First ‘Oxygen Express’ train arrives in Delhi as new Covid cases remain above 320,000 across India

Shweta Sharma
·5-min read
<p>Oxygen tankers being boarded on a special ‘oxygen’ train at a goods yard in Navi Mumbai </p> (AFP/Getty)

Oxygen tankers being boarded on a special ‘oxygen’ train at a goods yard in Navi Mumbai

(AFP/Getty)

The first “Oxygen Express” train loaded with around 70 tonnes of oxygen arrived in Delhi as the Indian capital suffered an acute shortage of the life-saving gas.

The train docked at a railway station in Delhi on Monday night for the oxygen tankers to be disbursed by the Delhi government to various hospitals in dire need.

“Oxygen Express has reached Delhi from Raigarh, Chhattisgarh with oxygen for patients in the capital,” railway minister Piyush Goyal said in a tweet.

Indian Railways is leaving no stone unturned in our collective fight against Covid-19, & ensuring sufficient availability of life-saving resources across the country," Mr Goyal added.

The healthcare system in India is sinking beneath the weight of coronavirus, which is spreading at an alarming rate. India officially reported 323,000 new cases on Tuesday, 8.4 per cent less than Monday as the testing rate dropped, and 2,771 deaths in a single day spike.

India added more than 300,000 cases for the sixth straight day with Delhi recording 20,201 cases and the highest 380 deaths. However, experts say the nationwide tally of deaths and cases could be underreported.

As the situation is turning worse, a top health official of the country has recommended people wear a face mask even when at home to stem the tidal wave of Covid-19 cases in the country.

Dr V K Paul, of India’s federal think tank Niti Ayog, said: “I want to say that time has come that we should start wearing masks at home even in normal circumstances.” He said because the virus is “highly transmissible” extra care should be taken if someone in the family is infected.

In Delhi, the majority of the hospitals, including the biggest, have been sending SOS calls to the government over the last week after their oxygen tanks hit extremely low levels, putting the lives of thousands of patients at risk.

The hospitals are running short of intensive care unit (ICU) beds, doctors and life-saving medicines with most of them turning away patients.

Shortages of oxygen were also reported in the worst-hit state, Maharashtra, and from hospitals in Uttar Pradesh, Rajasthan, Gujarat, and Haryana.

Indian railways, the largest rail network in Asia, launched a dedicated “Oxygen Express” service to ferry medical oxygen to states amid shortages. It has delivered nearly 450 tonnes of oxygen as of Tuesday, said the ministry.

The Ministry of Home Affairs claimed the issue is not with the shortage of oxygen but a problem in its transportation. To address the growing crisis the central government imported 20 cryogenic tankers of 10 and 20 metric tonne capacity to be allocated to states.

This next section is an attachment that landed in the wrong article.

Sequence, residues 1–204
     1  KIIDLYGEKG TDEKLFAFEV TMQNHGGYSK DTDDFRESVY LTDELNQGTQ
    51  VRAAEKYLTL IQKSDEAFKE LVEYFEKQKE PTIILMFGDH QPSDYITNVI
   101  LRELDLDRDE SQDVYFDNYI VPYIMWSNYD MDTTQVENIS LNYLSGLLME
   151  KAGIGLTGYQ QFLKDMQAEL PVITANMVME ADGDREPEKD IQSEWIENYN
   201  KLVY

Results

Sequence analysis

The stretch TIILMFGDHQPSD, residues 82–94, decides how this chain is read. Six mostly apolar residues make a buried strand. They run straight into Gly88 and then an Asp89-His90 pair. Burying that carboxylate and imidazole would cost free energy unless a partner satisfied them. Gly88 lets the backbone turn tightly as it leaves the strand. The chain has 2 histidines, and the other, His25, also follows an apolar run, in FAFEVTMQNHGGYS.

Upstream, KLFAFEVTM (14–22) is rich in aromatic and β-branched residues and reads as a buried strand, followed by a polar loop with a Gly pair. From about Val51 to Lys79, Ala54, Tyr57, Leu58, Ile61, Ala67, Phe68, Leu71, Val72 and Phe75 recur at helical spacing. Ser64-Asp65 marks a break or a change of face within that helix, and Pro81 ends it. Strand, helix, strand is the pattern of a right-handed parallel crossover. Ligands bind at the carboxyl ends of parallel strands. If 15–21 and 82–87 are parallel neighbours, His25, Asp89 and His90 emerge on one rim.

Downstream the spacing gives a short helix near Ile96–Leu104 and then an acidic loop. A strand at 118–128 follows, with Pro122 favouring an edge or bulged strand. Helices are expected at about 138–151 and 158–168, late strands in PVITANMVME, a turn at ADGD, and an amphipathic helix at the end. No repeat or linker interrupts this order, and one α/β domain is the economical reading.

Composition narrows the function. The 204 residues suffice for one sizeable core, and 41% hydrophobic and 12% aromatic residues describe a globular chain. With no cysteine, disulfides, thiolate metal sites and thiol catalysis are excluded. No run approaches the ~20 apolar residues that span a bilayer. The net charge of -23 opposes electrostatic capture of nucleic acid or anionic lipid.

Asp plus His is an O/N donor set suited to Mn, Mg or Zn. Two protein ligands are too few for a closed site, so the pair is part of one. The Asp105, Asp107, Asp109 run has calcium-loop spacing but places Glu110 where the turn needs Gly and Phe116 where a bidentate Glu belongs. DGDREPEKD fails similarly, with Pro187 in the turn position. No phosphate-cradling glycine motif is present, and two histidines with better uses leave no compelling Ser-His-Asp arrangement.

The Delhi High Court pulled up state government-led by Arvind Kejriwal, saying the “entire system has failed” on the issue of rampant black marketing of oxygen cylinders and crucial medicines like remdesivir despite actions.

“This is a mess that the state government has been unable to resolve,” the bench of justices said, asking the Delhi government to take action against the culprits.

Meanwhile, global efforts are being made by a host of countries like the US, UK, Saudi Arabia, Singapore, Denmark, Bhutan and several others to provide medical aid to India in the time of crisis.

The Delhi government is airlifting 21 oxygen plants from France and 18 oxygen tanks from Bangkok with the help of the Indian airforce.

In total 44 oxygen plants will be set up in Delhi, including those imported from France, in a major relief to the city which did not have even a single plant and solely relied upon imports from other states.

“We are importing 21 ready-to-use oxygen plants from France. They can be brought to use immediately. These will be installed at different hospitals and this will help us in resolving the oxygen crisis in those hospitals,” said Delhi chief Arvind Kejriwal.

Delhi has almost run out of ICU beds for Covid patients, said Mr Kejriwal, with new facilities coming up only in the second week of May.

According to the Delhi government application that provides real-time data on the availability of beds, only 14 ICU beds are remaining and 1,800 normal beds are vacant for more than 92,358 cases in the city alone.

Along with healthcare facilities, makeshift pyres are being built in Delhi’s parking lots, parks, and empty grounds to expand the crematorium spaces. The expansion has been happening gradually over the weeks as heartbreaking scenes show bodies lining up inside and outside crematoriums, waiting for hours for last rights to be performed.

In the crematorium of Sarai Kale Khan area, at least 27 new platforms to perform rites have been built and 80 were added in the park around the premises. Authorities are also looking for more spaces near the city’s Yamuna river bed.

Amid speculations of discrepancies in the death count, an investigation by NDTV found at least 1,150 Covid deaths were missing from Delhi’s official death log last week. Similar large-scale discrepancies were found in other states.

Violent scenes unfolded in Delhi’s Apollo hospital, where members of a Covid positive female patient reportedly attacked hospital staff. According to initial information, the patient was denied admission to the ICU ward.

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